Imagining a relational database for a public bus operator, conceptual and logical databases model are created. The goal is to visualize the entities and their relationships within this scenario.
The conceptual model gives a more broad and informal overview, highlighting mainly the real world objects of the universe of discourse and their general relations. In this example, it gives a broad overview over the entities that will be more deeply analysed in the logical database model.
Logical Database Model
The Logical DB model gives a more in-depth overview of the universe of discourse, defining columns within each entity/table including the expected data types.
Let’s start with the employee table, where each employee has a unique ID (which also functions as the primary key), as well as the name, entry data and the salary. Most importantly, the “Job” column can be filled with one of the following entries: Admin (Administrative Worker), Driver, Inspector (Controlling Tickets), and Maintenance Worker. A certain type of employee, the inspector, can also be assigned to a certain bus stop where ticket controls are executed.
For each of the busses, wich are stored in the next table, one employee is always defined as the responsible, wether that be the driver, the mechanic maintaining it, or a responsible worker while the bus is in storage. The bus additionally has a field for the age as the bus as well as the Line that the bus is currently assigned to, which is nullable since the bus can also be in storage or in service. Also, the status is defined with the three possible keywords.
Moving forward to the Bus Lines, which contain the line number and a geometry of the route, is connected to the Busses via a one to many relationship. One bus can only be assigned to a single line, while multiple busses can service a single line. The lines are also connected to the Schedule table, which holds tables for each lines and stops, containing the arrival times as well as the Line numbers and Bus stop IDs. Since they are all marked as Primary Keys, the Schedule has to be imagined as a multitude of tables for each bus stop and line combination.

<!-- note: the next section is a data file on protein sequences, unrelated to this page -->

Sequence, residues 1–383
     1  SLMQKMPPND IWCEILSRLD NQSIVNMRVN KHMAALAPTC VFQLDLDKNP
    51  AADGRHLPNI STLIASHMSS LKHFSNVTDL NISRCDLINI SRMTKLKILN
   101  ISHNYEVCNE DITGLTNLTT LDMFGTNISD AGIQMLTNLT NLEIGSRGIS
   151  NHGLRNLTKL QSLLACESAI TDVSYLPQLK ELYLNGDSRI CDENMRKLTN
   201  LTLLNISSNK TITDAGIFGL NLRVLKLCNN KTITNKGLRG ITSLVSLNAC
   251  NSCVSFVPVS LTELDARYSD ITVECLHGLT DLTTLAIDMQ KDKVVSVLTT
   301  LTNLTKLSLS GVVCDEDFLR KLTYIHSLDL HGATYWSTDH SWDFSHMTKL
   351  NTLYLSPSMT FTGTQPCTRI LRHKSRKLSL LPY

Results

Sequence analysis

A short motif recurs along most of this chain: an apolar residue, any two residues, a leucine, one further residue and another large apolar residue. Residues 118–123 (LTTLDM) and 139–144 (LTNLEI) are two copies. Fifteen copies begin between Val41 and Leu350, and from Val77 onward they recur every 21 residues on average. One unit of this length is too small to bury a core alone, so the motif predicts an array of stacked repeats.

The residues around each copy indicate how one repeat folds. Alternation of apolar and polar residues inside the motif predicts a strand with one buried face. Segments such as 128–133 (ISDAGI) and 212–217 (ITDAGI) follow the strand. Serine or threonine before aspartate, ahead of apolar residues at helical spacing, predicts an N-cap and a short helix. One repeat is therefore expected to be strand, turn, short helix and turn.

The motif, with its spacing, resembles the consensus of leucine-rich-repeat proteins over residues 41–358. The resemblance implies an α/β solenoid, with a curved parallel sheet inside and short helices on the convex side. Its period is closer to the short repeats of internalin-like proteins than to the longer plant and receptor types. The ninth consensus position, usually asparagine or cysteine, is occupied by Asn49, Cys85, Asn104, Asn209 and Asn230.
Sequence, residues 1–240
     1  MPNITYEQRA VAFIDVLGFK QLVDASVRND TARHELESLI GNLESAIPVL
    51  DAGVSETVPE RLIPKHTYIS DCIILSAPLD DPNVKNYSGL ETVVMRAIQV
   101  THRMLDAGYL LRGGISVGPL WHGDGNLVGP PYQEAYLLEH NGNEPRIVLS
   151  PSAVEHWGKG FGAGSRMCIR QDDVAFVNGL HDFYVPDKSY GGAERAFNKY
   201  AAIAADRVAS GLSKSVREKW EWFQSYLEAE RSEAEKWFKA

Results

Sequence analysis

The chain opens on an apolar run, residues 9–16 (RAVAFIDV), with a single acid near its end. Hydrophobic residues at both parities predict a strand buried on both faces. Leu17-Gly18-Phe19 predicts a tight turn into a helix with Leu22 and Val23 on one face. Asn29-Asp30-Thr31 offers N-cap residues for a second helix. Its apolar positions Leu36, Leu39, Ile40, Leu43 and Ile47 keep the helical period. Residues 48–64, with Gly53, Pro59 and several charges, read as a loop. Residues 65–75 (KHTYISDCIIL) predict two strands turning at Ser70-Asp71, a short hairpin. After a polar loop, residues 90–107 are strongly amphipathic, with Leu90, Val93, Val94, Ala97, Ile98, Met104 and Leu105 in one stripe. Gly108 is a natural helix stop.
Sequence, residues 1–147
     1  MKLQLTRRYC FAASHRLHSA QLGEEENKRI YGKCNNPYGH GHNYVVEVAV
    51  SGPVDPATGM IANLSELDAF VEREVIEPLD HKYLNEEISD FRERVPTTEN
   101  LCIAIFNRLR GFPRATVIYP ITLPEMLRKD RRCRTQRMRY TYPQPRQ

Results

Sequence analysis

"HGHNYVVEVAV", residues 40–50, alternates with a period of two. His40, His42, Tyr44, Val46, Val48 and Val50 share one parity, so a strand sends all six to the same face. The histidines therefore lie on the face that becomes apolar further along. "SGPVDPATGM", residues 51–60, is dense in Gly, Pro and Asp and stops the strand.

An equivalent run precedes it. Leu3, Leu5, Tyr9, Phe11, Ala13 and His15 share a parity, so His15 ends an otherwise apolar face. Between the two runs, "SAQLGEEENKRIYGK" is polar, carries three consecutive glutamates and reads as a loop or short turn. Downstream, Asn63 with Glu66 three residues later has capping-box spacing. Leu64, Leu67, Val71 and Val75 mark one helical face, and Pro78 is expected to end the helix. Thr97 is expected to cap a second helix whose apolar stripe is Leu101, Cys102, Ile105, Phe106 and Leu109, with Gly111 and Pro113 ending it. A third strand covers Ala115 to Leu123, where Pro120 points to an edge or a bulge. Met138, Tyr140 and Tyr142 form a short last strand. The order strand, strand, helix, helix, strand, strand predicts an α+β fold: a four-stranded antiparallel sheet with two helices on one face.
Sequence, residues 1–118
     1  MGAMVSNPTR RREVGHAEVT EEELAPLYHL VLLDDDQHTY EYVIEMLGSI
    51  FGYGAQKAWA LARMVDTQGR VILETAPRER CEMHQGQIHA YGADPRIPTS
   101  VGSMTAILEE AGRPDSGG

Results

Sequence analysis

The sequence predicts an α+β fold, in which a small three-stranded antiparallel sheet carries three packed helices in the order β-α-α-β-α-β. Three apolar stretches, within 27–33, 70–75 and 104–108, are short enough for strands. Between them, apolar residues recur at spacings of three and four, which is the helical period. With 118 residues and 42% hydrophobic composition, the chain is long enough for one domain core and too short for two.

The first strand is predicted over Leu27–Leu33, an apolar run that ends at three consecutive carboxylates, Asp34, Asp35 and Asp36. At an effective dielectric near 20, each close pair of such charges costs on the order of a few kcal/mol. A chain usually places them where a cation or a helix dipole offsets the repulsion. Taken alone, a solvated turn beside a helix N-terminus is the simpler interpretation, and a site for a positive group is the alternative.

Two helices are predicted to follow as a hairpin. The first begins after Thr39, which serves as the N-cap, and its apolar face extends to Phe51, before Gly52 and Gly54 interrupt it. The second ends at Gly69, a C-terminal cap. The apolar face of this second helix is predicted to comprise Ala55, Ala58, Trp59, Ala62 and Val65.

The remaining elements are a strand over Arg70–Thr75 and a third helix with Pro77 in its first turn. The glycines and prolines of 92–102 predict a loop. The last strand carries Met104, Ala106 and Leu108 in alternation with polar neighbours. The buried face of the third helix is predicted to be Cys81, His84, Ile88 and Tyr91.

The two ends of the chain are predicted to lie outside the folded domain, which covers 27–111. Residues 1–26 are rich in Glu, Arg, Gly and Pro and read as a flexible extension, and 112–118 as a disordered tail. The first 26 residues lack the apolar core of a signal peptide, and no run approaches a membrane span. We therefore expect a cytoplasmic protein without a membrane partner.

The Stops Table contains IDs as well as the names of the bus stops and additionally a point geometry and a foreign key that saves which line the stop is a part of.
Moving on to the Customer-side of the model, the Customer table holds information on each customer, such as ID, name, DoB as well as if they are a loyalty card holder and the ticket they purchased, including the point in time when that ticket loses validity. The ticket is marked as a foreign ID, connecting each ticket a customer holds with a certain ticket type from the Tickets table. the ticket, as well as the price paid and the validity of said ticket can be null, since a customer might neglect to buy a ticket and therefore be caught by the inspector without a valid ticket.
The ticket table itself stores information on the types of tickets that are sold, including it’s price. The final ticket price is defined at the customer level since 20% might be discounted if the boolean value for the loyalty card might be “true”.
Answering questions such as the revenue per line as well as the timeliness are now answered by database requests.
Since the lines are connected to the customers, we can return how many customers, holding which tickets including possible loyalty card benefits, take each line. Additionally, querying for timeliness can be done by querying each stop’s schedule time and comparing those to the actual time a bus arrived at said stop.